"The settlement means cleaner water and healthier communities for the people who live in and around Nampa, Idaho," said Lois J. Schiffer, Assistant Attorney General for the Environment and Natural Resources Division at the Department of Justice in Washington, D.C. "Wastewater from animal feedlots and slaughterhouses is a serious environmental concern. The announcement sends a message to industry that we will vigorously enforce our nation's clean water laws. We will work tirelessly to protect public health and safety, and hold accountable those who break environmental laws."
Marc Haws, the civil chief in the U.S. Attorney's Office in Boise, collaborated with the Department of Justice as local counsel on the case.
"This is a responsible decision by local industry that will be beneficial to the local environment," Haws said. "This is a very good result in a very difficult case."
The announcement of the settlement was made in Seattle by Chuck Clarke, Northwest regional administrator of the U.S. Environmental Protection Agency.
By terms of the settlement, ConAgra agreed to take a number of measures, including the following:
To stop dumping millions of gallons of partially treated wastewater each year onto nearby cropland.
To build new waste storage ponds with liners to replace existing ponds without liners.
To reduce the number of cattle confined in the ConAgra feedlot at the slaughterhouse.
"The settlement will have enormous environmental benefits for Indian Creek and the Boise River downstream," declared Clarke.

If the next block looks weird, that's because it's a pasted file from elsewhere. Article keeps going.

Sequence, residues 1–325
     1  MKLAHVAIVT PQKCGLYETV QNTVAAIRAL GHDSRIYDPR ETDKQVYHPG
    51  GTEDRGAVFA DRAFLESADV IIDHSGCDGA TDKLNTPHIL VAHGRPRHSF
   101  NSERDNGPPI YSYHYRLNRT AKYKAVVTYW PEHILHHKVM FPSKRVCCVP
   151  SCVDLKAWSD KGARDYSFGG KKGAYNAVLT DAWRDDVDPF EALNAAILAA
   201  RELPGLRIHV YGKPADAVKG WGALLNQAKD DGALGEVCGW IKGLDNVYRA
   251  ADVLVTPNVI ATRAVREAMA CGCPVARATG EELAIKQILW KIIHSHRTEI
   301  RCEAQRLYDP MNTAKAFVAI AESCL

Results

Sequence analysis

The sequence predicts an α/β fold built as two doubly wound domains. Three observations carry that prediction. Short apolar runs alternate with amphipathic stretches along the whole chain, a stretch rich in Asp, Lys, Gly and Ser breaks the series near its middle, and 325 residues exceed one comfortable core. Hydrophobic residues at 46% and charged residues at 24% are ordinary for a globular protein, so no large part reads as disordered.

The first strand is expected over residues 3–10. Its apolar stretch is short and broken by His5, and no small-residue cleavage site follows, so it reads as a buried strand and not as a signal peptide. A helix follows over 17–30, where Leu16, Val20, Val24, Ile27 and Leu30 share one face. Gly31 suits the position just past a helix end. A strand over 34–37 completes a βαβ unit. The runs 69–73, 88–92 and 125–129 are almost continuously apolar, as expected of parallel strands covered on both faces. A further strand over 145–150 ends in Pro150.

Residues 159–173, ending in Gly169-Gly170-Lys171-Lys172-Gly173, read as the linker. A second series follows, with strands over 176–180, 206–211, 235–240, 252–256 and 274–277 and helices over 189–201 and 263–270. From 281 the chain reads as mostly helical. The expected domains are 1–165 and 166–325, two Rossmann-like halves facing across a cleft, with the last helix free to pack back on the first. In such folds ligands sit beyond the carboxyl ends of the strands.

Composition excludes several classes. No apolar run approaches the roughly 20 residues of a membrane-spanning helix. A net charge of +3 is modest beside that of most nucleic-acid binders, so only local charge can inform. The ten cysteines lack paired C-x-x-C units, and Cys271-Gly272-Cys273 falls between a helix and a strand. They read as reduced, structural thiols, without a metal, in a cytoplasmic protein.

EPA is especially concerned about the environmental impact of ConAgra's Nampa operations because shallow groundwater lies beneath the slaughterhouse, the feedlot, the waste storage ponds, and the cropland where ConAgra applied partially treated wastewater, Clarke explained. Groundwater in the immediate area flows into Indian Creek, both through the soil and through "french drains" installed by ConAgra to control groundwater elevation.
"If ammonia or other nutrients enter a stream like Indian Creek, the nutrients promote the growth of algae or other vegetation that can deplete the water of oxygen," Clarke said. "Water quality is degraded, and there can be harm to fish and other aquatic life."
If the case had gone to trial, Clarke added, EPA was ready to present evidence that fecal coliform bacteria had been entering the creek from the ConAgra feedlot.
The settlement is contained in a consent decree lodged in U.S. District Court in Boise. The settlement brings to an end the litigation that began when the Department of Justice filed a civil complaint on behalf of EPA in March 1996.
Last November, after hearing a motion for summary judgment, the court found that ConAgra -- between 1992 and 1996 --- was liable for 260 violations of effluent limits in the wastewater discharge permit issued to the company's Armour Fresh Meat slaughterhouse and meat packing plant in Nampa. The court also found ConAgra liable, during same period, for two unpermitted discharges, 51 failures to perform required monitoring and reporting, and 312 recordkeeping violations.
Clarke said most of the violations occurred before 1995, the year that ConAgra spent more than $1 million to upgrade its wastewater treatment facilities.
It is expected that ConAgra will spend an additional $1.5 million to build the new lined treatment ponds, and slightly more than $1 million to change its feedlot operations.
Until recently ConAgra operated a feedlot at the slaughterhouse with as many as 1,600 animals confined at any one time. Under the terms of the settlement, ConAgra will operate a much smaller feedlot at the slaughterhouse. The new feedlot will have a concrete floor and will confine only the number of cattle that will be slaughtered in a single day.